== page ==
Hello, Frank Indiviglio here. In recent years, researchers have found toxins in a wide array of snakes and lizards formerly believed to be harmless…even the Bearded Dragon is not above suspicion (please see below), but venomous pythons? While working at the Bronx Zoo, I was several times called upon to assist in confiscating snakes that had appeared in the pet trade before we learned of their potentially lethal venom (i.e. Asian Watersnakes, genus Rhabdophis). All evidence of toxicity must be taken seriously…bear in mind that both the Boomslang and Savanna Twig Snake were thought to be harmless until each killed a prominent herpetologist! The recent discovery of toxins in the mucus of certain pythons poses a unique and unexpected concern for snakebite victims.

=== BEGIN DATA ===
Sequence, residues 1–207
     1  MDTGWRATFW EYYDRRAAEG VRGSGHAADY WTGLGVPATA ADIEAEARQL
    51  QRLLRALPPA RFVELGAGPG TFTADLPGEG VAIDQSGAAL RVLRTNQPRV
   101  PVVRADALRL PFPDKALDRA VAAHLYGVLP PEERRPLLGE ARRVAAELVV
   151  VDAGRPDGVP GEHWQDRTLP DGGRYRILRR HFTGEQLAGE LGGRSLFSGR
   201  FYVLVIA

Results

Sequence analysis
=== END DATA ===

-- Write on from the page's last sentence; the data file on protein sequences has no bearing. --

Studies at the University of Queensland have revealed the presence of toxins in the mucus of several python species. Described as “relic venom”, they occur in only trace amounts. In common with many other snakes, pythons may have relied upon venom at some point in their evolutionary history. Although they no longer utilize venom to overcome prey or defend themselves, pythons continue to produce some toxic compounds. While some snakes bear toxins that target specific animals (i.e. Tentacled Snakes, Erpeton tentaculatum, which prey upon fish), python toxins seem to have no use, and pose no danger to people.
The toxin molecules thus far identified in pythons differ from those found in any known venomous snake. Being so chemically unique, they are of great interest to those seeking to develop new chemical compounds and medicines. Read More »